This is a very loose “recipe” because ultimately I think this is a dish that has a lot of flexibility, and however you prepare it, it’s unlikely to be bad as long as you have good ingredients. But here’s what I used and how I went about it; use it as a guideline and go for it!
2 pints Roma tomatoes
3 bell peppers- red, yellow or orange
2 yellow summer squash
3-4 cloves garlic
fresh herbs- I grabbed some marjoram, thyme, and a little rosemary from my garden, although basil is good too
Wash and pat dry the peppers, and place them in the broiler, turning occasionally and checking on them often, until they’re blackened on all sides. Place in a paper grocery bag and roll the top shut; set aside. Reduce oven to 300°.
While the peppers are roasting, cut the squash and eggplant into large-ish chunks (see photos; they’ll shrink a bit as they roast). Generously salt the eggplant and place in a strainer while you prep everything else. Cut the tomatoes in half lengthwise and remove the little stemmy bit; put cut side up on a baking sheet. Sprinkle with a little salt and brush or drizzle with olive oil. Cut the onions- I like to do wedge-shaped slices rather than rings. Mince any herbs you’ll be using.
Place the squash & zucchini in a large bowl, salt lightly, and drizzle with olive oil. Shake the bowl around so the oil gets distributed all over, then dump it onto a baking sheet. Put the eggplant on some paper towel and press lightly to remove excess moisture and salt, then toss with olive oil, putting it on a separate baking sheet. Place all three baking sheets in the oven.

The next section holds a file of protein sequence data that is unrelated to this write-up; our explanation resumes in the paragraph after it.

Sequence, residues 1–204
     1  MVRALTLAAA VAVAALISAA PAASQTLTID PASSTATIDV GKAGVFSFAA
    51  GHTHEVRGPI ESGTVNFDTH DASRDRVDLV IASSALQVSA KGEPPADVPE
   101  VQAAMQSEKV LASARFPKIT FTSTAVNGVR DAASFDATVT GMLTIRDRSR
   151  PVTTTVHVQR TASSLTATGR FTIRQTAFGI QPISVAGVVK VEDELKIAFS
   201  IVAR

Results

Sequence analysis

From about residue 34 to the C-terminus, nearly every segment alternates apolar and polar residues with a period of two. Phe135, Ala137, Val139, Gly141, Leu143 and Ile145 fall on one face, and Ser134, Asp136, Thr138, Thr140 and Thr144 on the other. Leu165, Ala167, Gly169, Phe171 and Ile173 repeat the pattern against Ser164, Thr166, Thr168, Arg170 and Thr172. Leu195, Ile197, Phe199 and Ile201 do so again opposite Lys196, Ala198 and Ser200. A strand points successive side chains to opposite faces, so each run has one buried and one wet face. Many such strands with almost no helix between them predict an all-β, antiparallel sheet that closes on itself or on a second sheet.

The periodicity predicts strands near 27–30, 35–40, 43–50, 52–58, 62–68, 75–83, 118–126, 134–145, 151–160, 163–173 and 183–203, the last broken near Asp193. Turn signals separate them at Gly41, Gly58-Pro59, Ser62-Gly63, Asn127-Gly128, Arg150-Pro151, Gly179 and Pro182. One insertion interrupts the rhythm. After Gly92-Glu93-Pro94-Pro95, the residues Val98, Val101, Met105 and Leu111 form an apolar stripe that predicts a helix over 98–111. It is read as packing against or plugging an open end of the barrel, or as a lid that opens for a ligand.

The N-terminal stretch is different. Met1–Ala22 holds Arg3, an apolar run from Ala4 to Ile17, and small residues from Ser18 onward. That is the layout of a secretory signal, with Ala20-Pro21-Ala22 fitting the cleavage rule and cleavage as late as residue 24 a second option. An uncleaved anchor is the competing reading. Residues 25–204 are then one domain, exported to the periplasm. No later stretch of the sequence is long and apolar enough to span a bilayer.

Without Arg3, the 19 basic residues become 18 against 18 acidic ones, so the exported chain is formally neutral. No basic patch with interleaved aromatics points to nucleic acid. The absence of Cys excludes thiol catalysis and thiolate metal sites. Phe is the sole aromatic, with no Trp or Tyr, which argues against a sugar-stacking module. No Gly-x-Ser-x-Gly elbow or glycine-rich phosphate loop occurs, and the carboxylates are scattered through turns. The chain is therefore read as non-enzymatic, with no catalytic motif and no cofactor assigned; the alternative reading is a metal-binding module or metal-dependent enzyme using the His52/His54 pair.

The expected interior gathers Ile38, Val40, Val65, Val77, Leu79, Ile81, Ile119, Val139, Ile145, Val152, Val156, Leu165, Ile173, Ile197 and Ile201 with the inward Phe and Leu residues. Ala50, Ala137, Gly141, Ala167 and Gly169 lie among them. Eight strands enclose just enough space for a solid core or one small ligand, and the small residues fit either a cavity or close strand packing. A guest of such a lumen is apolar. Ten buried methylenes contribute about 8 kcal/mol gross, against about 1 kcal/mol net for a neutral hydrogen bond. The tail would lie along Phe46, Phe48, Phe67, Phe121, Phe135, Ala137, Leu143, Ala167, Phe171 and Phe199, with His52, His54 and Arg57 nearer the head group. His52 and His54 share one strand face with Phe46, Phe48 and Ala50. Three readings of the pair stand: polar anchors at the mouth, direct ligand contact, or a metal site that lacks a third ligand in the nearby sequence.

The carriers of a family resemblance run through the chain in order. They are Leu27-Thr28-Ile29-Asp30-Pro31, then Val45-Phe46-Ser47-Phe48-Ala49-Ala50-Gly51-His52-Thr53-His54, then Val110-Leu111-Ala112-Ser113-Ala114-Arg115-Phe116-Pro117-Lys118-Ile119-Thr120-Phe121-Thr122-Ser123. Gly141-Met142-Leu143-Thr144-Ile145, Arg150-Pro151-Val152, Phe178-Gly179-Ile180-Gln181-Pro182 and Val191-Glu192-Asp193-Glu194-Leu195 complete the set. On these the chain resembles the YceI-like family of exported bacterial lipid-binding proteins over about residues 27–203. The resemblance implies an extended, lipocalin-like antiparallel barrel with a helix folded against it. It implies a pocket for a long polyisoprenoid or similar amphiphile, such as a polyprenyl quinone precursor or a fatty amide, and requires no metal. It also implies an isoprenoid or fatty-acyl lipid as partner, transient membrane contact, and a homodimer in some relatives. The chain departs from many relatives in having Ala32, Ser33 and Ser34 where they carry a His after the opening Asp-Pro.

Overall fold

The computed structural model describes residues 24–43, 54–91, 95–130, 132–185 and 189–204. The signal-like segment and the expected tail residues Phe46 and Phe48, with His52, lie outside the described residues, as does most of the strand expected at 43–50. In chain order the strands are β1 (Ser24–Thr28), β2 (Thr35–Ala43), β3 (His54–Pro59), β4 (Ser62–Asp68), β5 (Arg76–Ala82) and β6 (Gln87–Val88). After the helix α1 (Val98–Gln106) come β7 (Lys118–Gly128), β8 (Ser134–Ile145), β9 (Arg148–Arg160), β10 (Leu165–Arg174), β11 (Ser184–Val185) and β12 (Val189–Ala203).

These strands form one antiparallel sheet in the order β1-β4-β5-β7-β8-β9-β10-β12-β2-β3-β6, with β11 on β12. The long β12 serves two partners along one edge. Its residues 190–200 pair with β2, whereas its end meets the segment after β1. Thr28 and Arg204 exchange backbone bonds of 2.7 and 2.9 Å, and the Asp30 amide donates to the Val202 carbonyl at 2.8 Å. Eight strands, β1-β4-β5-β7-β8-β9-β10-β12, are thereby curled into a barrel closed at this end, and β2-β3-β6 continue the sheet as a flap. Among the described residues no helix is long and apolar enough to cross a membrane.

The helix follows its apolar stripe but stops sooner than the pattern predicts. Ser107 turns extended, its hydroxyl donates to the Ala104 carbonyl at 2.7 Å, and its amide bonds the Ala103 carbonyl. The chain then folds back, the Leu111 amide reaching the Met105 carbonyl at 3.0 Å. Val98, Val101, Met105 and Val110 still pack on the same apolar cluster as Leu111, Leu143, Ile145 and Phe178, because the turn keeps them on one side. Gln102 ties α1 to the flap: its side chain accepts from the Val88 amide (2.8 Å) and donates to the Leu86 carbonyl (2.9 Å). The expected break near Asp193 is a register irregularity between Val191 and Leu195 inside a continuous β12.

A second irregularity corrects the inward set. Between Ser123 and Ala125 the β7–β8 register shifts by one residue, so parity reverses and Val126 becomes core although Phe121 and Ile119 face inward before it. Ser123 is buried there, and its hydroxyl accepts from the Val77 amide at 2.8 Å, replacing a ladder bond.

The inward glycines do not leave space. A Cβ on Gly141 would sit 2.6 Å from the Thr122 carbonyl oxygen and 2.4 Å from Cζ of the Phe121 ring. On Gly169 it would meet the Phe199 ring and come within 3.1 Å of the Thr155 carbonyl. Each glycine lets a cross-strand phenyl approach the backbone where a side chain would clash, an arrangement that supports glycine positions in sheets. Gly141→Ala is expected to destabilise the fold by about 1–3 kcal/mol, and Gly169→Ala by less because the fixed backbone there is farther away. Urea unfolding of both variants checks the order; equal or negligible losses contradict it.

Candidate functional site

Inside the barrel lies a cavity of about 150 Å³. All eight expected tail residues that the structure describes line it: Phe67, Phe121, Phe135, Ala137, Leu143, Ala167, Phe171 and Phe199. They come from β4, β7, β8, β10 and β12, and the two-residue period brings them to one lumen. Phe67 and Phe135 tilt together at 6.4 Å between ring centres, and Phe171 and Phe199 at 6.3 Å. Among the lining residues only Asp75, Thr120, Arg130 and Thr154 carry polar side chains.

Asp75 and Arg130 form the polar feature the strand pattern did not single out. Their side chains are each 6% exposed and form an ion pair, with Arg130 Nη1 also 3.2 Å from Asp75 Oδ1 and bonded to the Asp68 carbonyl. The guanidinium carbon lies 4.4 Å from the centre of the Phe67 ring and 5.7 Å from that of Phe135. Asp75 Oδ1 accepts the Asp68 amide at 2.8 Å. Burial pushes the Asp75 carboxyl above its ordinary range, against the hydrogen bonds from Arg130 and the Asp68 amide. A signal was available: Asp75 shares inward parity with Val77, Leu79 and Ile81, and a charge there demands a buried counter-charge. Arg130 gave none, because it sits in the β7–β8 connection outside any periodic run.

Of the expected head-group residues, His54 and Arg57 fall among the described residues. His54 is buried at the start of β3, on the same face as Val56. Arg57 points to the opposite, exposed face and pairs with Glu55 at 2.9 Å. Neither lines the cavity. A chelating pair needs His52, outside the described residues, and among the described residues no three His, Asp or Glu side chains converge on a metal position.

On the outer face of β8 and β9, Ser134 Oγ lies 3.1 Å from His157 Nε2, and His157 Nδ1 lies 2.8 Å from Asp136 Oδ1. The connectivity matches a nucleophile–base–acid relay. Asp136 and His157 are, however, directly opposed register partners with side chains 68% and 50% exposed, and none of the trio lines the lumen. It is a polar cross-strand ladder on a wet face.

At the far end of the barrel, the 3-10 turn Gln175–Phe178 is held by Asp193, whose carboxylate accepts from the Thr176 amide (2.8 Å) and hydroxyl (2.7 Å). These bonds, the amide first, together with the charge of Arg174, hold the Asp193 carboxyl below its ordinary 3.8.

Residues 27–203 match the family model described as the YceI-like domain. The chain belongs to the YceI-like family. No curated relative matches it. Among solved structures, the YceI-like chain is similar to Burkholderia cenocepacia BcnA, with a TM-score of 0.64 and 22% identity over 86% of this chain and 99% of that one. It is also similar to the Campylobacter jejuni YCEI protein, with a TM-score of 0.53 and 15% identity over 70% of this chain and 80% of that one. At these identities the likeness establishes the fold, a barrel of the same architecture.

When the peppers are cool enough to handle, remove the skins, stems and seeds, and cut into approx 1″ squares; set aside in a bowl.
In a dutch oven or other large heavy pot, heat a generous amount of olive oil (a few Tbs) over medium heat. Sauté the onions and garlic until the onions begin to soften. Add any minced herbs you’re using (except basil- add that at the end) and hold, covered, over low heat.
Check on the vegetables in the oven periodically- they’ll be ready at slightly different times. I kept the tomatoes in about 10 minutes longer than the squash. Ultimately your cooking time will depend on how big you cut everything. As the eggplant and squash are ready, add them to the pot with the onions and keep warm over low heat. Add the peppers and any juices that have collected. When the tomatoes are ready, let them cool enough to handle, and cut each half into quarters, adding to the pot. Make sure to scrape any of the juice that collects on the cutting board into the pot as well!
Raise the heat slightly (to medium low) and cook the vegetables just until the flavors combine- remember, we’re going for distinguishable pieces rather than stew. Taste for salt (although you shouldn’t need any, since the vegetables were already salted). If you’re using basil, cut it into a chiffonade and stir it in at the end. Serve with polenta or couscous for a vegetarian meal, or as a side dish to roasted chicken or lamb. Leftovers can be used as filling for an omelette or put it in a baguette with some goat cheese… lots of possibilities with this one!